In 2008, Microsoft attempted to validate the experiment by analyzing the minimum chain length it would take to connect 180 billion different pairs of users in the Microsoft Messenger database. According to Microsoft's finding, the average chain length was hops. In 2016, researchers at Facebook reported that the social networking site had reduced the chain length of its members to three and a half degrees of separation. Dutch mathematician Edsger Dijkstra is credited with developing the algorithm that made it possible for Facebook researchers and others to find the shortest path between two nodes in a graph database.
The impact of blogging upon the mainstream media has also been acknowledged by governments. In 2009, the presence of the American journalism industry had declined to the point that several newspaper corporations were filing for bankruptcy, resulting in less direct competition between newspapers within the same circulation area. Discussion emerged as to whether the newspaper industry would benefit from a stimulus package by the federal government. President Barack Obama acknowledged the emerging influence of blogging upon society by saying "if the direction of the news is all blogosphere, all opinions, with no serious fact-checking, no serious attempts to put stories in context, then what you will end up getting is people shouting at each other across the void but not a lot of mutual understanding”.  Between 2009 and 2012, an Orwell Prize for blogging was awarded.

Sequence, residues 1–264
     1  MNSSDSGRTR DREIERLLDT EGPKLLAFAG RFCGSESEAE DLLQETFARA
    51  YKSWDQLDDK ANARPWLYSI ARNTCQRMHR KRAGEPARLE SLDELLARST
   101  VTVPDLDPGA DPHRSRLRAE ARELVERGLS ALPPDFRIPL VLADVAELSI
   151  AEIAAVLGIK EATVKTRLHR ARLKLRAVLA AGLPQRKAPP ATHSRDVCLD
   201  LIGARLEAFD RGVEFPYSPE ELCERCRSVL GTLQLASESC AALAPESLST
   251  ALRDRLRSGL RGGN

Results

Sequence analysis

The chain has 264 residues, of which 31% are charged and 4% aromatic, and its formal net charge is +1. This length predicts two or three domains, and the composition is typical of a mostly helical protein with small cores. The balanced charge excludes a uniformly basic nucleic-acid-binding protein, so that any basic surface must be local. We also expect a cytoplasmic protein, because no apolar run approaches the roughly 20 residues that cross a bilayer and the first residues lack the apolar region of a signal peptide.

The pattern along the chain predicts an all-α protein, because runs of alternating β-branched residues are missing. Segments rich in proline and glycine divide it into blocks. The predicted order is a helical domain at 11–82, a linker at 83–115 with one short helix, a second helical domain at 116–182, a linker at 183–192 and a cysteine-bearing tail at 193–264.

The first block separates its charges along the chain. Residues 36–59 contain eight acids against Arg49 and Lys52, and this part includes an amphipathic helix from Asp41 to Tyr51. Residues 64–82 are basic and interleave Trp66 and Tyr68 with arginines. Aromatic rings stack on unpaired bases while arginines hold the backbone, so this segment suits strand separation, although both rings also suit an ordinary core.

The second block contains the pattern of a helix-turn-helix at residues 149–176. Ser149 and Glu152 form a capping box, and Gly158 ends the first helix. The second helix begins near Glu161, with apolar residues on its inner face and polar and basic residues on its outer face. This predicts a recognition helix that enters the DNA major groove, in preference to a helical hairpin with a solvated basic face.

Both of the Star Trek films featuring Khan, Captain Kirk’s worst enemy, explore the consequences of egoist versus altruist views. In Star Trek II: The Wrath of Khan , we learn that Khan’s murderous anger towards humanity is partly a result of Captain Kirk’s earlier action of marooning Khan and his people on a then hospitable planet—which later suffered an environmental disaster killing most of Khan’s people. This is a clear illustration of the ethical egoist’s claim that trying to act in others’ interests may be immoral. Furthermore, Kirk’s failure to check up on Khan on the planet suggests that Kirk was not really acting altruistically, but rather egoistically, supporting the views of psychological egoism. Meanwhile, Khan believes that he has a natural right to dominate, based on his superior intellect and strength, a view commonly associated with rational egoism and Ayn Rand. Of course in the end, Mr. Spock demonstrates altruism by sacrificing himself to save the rest of the Enterprise crew, repeating an idea clearly meant to prove that altruism is more rational than egoism—“the needs of the many outweigh the needs of the few.”